How do you build a stable bridge to cross the auburn ravine?
ReSearch different types of Bridges
Go to the following website and listen or read all about different types of bridges.
Next, go to the following website and see if you can figure out which type of bridge is best for the body of water or large land mass the bridge needs to cover.
Compare and contrast the Brooklyn Bridge with the Golden Gate Bridge.
Let's watch together Eric Carle's story The Mixed-Up Chameleon. Then you will do research from the the non-fiction story Chameleons Are Cool by Martin Jenkins for interesting facts. Write down "true or false" facts on your graphic organizer and color your chameleon.
First you will need to know that the moon orbits our Earth. The moon goes through a cycle and repeats this cycle about every 27 days. For this activity that is all you need to know about the cycle of the moon. If you wish to find out more information about the orbit of the moon you can check out this website:
The next thing will be talking about the phases of the moon. The moon phases in the correct order are: New Moon, First Quarter, Full Moon, Third Quarter, and then back to New Moon.
You will cut and paste for this month in 2017.
Not only do humans change their environment, but plants and animals can too! In this 6 week unit we will explore how plants and animals change their environment to survive. We will conclude with making an argument on how to reduce our impact as humans on the Earth.
When you are done reading the article pick an animal below to research more about. You will research and write a narrative, informational, and opinion story about it. Then you will present about the animal in your final presentation.
Let's Read About it!
Humans aren't the only animals that change their environments
[Animals] that physically modify elements of ecosystems are often called ecosystem engineers. Beavers... are a [good] example. There are many other [animals change their environment].
At the small end of the scale are such things as woodpeckers, which make holes in trees, creating nest sites for many other [living things] and entry points for bacteria and fungi that may eventually rot the tree.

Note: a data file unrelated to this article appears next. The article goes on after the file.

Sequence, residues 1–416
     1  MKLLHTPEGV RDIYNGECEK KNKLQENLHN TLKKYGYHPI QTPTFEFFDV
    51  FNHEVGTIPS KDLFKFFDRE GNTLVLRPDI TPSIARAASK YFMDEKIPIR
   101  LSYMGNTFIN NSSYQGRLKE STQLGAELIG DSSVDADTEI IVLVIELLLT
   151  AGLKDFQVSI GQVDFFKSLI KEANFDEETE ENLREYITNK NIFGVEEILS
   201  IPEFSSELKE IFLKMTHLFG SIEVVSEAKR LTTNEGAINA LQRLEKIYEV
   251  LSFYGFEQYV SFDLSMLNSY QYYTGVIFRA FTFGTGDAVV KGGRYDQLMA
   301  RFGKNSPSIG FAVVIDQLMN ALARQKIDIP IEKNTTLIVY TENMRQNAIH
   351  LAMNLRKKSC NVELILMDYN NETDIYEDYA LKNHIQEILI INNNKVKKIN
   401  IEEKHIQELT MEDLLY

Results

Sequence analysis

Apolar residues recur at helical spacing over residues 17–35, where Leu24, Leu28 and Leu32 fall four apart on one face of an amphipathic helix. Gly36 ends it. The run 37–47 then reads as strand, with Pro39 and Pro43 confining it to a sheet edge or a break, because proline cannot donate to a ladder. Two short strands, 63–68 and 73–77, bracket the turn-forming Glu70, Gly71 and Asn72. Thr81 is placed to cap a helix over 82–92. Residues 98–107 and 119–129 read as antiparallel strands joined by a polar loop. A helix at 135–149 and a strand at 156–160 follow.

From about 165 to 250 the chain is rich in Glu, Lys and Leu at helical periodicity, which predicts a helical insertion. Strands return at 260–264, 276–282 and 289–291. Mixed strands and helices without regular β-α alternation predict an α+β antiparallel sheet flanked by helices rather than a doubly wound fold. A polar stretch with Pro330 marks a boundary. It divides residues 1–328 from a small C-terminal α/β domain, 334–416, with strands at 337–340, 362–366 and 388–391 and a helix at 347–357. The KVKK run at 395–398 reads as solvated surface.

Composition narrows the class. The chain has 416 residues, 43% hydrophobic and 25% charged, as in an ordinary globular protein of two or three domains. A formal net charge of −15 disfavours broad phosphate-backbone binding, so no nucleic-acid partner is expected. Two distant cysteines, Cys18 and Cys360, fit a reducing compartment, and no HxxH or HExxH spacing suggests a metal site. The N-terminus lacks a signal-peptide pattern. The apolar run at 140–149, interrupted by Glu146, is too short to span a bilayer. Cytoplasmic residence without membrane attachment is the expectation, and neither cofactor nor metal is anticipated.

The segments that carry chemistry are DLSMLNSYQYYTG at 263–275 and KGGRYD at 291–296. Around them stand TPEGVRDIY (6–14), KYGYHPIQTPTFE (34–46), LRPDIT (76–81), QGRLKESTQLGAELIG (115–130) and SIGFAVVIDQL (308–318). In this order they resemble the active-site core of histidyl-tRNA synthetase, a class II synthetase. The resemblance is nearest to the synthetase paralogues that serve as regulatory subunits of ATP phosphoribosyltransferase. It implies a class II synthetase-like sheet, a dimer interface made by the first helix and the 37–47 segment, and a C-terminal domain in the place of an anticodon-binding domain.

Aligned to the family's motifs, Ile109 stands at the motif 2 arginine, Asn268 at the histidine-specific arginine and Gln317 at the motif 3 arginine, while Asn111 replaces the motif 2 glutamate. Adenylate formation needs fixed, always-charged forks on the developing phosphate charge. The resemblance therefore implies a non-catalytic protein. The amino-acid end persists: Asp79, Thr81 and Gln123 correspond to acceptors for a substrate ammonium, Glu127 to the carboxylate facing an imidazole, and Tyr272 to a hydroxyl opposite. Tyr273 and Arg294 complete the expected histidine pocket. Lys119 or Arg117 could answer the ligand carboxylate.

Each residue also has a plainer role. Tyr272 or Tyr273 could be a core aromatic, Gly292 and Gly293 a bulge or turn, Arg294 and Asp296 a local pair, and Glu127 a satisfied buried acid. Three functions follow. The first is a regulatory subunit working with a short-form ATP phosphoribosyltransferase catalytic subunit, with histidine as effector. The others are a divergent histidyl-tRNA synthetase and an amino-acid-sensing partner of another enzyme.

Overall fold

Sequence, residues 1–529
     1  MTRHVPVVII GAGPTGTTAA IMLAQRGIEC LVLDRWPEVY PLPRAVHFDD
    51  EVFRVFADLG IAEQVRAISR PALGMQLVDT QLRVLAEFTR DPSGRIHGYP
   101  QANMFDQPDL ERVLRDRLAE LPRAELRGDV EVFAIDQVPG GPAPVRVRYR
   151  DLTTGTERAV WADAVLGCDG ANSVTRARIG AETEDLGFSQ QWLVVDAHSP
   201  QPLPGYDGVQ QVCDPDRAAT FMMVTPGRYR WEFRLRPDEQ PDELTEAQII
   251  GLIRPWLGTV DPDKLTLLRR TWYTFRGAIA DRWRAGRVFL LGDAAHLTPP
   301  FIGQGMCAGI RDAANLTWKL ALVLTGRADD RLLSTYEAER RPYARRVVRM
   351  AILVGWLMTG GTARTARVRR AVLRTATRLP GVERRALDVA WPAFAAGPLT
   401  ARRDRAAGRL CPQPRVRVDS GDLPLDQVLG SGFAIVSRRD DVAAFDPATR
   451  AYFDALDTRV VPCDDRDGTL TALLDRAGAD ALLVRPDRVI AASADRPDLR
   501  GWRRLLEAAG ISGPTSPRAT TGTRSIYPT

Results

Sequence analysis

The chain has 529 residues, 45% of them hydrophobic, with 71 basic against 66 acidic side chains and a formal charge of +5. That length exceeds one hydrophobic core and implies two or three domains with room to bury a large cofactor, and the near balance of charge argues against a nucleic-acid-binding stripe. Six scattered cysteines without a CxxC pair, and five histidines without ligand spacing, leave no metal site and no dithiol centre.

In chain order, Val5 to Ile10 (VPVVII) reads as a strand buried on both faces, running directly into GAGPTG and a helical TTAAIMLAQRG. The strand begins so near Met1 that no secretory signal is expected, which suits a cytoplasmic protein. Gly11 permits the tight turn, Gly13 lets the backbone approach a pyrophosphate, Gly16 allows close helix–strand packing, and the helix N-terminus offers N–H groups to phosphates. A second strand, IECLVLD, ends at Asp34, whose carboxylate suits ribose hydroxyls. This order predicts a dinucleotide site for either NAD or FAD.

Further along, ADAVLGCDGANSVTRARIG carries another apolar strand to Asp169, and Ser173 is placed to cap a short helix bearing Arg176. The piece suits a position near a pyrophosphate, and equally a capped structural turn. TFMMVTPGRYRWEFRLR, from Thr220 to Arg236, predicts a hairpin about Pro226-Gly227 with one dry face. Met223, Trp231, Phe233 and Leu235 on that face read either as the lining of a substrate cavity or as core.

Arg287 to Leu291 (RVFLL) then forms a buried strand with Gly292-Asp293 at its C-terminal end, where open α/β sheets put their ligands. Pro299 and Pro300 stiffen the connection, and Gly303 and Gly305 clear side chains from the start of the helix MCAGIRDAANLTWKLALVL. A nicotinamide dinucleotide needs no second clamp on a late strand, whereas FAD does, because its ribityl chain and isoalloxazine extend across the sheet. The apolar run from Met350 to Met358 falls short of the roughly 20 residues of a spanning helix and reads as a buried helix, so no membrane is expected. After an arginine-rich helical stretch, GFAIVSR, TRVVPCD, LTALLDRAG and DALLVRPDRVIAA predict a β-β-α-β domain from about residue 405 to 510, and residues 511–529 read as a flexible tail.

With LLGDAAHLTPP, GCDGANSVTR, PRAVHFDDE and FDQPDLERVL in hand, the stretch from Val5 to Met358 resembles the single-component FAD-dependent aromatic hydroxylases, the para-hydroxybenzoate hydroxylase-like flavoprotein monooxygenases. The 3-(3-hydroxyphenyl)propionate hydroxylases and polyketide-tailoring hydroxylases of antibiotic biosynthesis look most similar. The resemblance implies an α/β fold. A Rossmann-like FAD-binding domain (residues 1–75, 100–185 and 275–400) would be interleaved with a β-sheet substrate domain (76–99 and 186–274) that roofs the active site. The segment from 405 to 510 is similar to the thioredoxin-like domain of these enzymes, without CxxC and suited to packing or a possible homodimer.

Fiddler crabs in salt marshes dig burrows, increasing decomposition rates, drainage, and plant production.
Bears dig up the roots of skunk cabbage, leaving a pit that fills with water [that other living things can drink].
[Animal] trails on steep slopes can create pathways [for hiking], and seabird nesting burrows are reported to increase soil erosion dramatically in some places [or make places safer to walk on].
On some beaches, tiny one-celled algae called diatoms produce [a substance], which helps to stabilize the beaches.
Even tiny [living things] can be engineers. The algae, fungi, and bacteria that form crusts on the surface of the soil [that may be unhealthy].
Geese dig up roots and basal stems of grasses and sedges in salt marshes. Studies of the Lesser Snow Goose in Canada have shown that snow geese change the [plants] by [loving] certain kinds of plants [to eat]; goose feces encourages [plants to regrow].
Burrowing [or animals that dig in the ground] are earth-moving engineers. They can move huge quantities of soil. For example, gophers and ground squirrels have moved up to 40 tons per acre of soil in some locations. These activities change [where plants may grow and can help spread more plants around in a habitat].
Salmon are engineers too. Females dig nests that can be many inches deep, moving fine sediments downstream. [Sediments or small pieces of dirt help keep rivers wide and strong].
Spawning king salmon in some rivers have built up huge dunes of gravel by their digging activities. Such dunes can be several feet high and many feet long, so they [change which way a river or stream flows].
Earthworms are [amazing] movers of soil. Charles Darwin wrote a whole book about earthworms and their engineering effects. Several ounces of soil may be [moved from one place to another] at the mouth of a single worm burrow. The effect of many worms can add many inches of soil on the surface, with the result that stones lying on the surface appear to sink and are gradually buried. In [farms], their engineering effects are commonly considered to be largely beneficial (to humans, that is). Worms help [break down plants] and incorporate that organic material in the soil; their tunnels aerate the soil.